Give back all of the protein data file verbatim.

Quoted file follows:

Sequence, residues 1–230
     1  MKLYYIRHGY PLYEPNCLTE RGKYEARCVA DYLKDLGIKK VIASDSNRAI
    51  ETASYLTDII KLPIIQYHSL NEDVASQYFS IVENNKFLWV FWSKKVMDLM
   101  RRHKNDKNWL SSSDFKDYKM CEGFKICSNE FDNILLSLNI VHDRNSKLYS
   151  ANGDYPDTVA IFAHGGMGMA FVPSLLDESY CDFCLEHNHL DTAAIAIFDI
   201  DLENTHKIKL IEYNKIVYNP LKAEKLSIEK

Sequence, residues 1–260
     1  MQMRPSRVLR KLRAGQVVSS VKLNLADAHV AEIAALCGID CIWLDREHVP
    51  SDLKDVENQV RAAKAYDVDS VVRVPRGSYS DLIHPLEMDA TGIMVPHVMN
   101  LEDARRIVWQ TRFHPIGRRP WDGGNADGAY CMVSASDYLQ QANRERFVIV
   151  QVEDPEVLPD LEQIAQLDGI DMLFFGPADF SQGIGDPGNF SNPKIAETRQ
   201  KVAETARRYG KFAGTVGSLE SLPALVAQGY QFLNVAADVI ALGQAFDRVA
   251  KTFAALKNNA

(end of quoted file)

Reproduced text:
Sequence, residues 1–230
     1  MKLYYIRHGY PLYEPNCLTE RGKYEARCVA DYLKDLGIKK VIASDSNRAI
    51  ETASYLTDII KLPIIQYHSL NEDVASQYFS IVENNKFLWV FWSKKVMDLM
   101  RRHKNDKNWL SSSDFKDYKM CEGFKICSNE FDNILLSLNI VHDRNSKLYS
   151  ANGDYPDTVA IFAHGGMGMA FVPSLLDESY CDFCLEHNHL DTAAIAIFDI
   201  DLENTHKIKL IEYNKIVYNP LKAEKLSIEK

Sequence, residues 1–260
     1  MQMRPSRVLR KLRAGQVVSS VKLNLADAHV AEIAALCGID CIWLDREHVP
    51  SDLKDVENQV RAAKAYDVDS VVRVPRGSYS DLIHPLEMDA TGIMVPHVMN
   101  LEDARRIVWQ TRFHPIGRRP WDGGNADGAY CMVSASDYLQ QANRERFVIV
   151  QVEDPEVLPD LEQIAQLDGI DMLFFGPADF SQGIGDPGNF SNPKIAETRQ
   201  KVAETARRYG KFAGTVGSLE SLPALVAQGY QFLNVAADVI ALGQAFDRVA
   251  KTFAALKNNA